Josef Hofer, who has been a resident of an Austrian institution for more than 30 years, does not speak, he draws instead. Tirelessly. In the mirror that he uses and hands us, individuals try to take their rise in the straitjacket of the frame with an eroticized grace, untamed. His productions - to which Michel Thévoz has devoted several essays - depict a founding duality between the body and the psyche. Present in many museum collections, he is also part of great private collections: Antoine de Galbert (France), Amr Shaker (Switzerland) or even of the collection of Arnulf Rainer (Austria), who considers him “the greatest of the brut artists.”
Josef Hofer might not speak, but he draws constantly. He was born in 1945 and spent his early life on a farm in Upper Austria. The family lived in isolation since Josef and his brother both suffered from learning difficulties and hearing and speech problems – Joseph also had impaired mobility – and his father wished to spare them from being teased by the locals and, more importantly, to protect them from the Nazis and, later, the Soviets. When Josef’s father died in 1982, his mother took him and his brother to live in Kirschlag, giving him the chance for some social contact and the opportunity to attend a day clinic. These changes proved beneficial, and Josef even spoke a few words. He later became an inpatient at an institution in Ried, where Elisabeth Telsnig spotted his love of drawing and encouraged his creativity.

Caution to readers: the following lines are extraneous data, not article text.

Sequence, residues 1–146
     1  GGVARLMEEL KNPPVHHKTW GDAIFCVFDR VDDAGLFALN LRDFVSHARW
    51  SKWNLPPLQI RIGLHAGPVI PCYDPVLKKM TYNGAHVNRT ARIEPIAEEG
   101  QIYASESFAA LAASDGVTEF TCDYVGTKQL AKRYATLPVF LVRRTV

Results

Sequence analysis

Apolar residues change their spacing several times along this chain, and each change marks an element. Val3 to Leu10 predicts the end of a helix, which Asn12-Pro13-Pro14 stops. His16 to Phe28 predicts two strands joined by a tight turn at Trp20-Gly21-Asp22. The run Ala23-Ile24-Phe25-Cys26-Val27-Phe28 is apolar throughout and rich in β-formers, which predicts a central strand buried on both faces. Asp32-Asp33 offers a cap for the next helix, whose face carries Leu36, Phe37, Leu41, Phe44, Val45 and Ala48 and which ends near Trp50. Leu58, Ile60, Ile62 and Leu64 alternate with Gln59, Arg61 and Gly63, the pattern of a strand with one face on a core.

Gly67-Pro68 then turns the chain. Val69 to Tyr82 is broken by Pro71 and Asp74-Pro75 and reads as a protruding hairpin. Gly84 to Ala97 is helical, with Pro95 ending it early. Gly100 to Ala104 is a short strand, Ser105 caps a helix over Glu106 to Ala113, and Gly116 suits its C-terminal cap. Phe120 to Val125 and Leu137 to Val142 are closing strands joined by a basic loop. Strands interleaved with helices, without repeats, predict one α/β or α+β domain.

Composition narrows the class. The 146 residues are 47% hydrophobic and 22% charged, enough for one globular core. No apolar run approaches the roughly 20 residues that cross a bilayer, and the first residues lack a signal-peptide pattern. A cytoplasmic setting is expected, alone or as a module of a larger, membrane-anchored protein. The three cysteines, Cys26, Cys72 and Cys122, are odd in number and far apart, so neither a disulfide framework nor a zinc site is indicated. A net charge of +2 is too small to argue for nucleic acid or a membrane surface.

Pepi, as he signs his works, observed and narrated his own life. His works are a mirror reflecting himself and the spectator and revealing the hypnotic infancy of art. As Michel Thévoz writes, “Josef Hofer is in a state of grace” – an erotic, untrammelled form of grace where the body strives to break free from the prison of the frame. The sensual, raw nudity shines through the confident, unpolished lines in warm hues.
Numerous exhibitions and publications have been devoted to Josef’s art since the retrospective held by the Collection de l’Art Brut in 2003. His drawings – shown at our gallery in 2008, at Drawing Now Paris in 2009 and 2010, and at Art Paris 2010 – are now featured in all the major Art Brut collections world-wide. His work was shown at Turin 2010 by the Museum of Everything, while 2011 will see a retrospective of his work, together with a catalogue, in Prague. Later this year, he will also become the first artist to have a second retrospective devoted to his work at the Collection de l’Art Brut, accompanied by a major book-length study.
Preface : Elisabeth Telsnig & Philippe Dagen
Forewords : Christian Berst.
Catalogue published to mark the exhibition Josef Hofer : transmutations, from December 5th, 2015 to January 16th, 2016.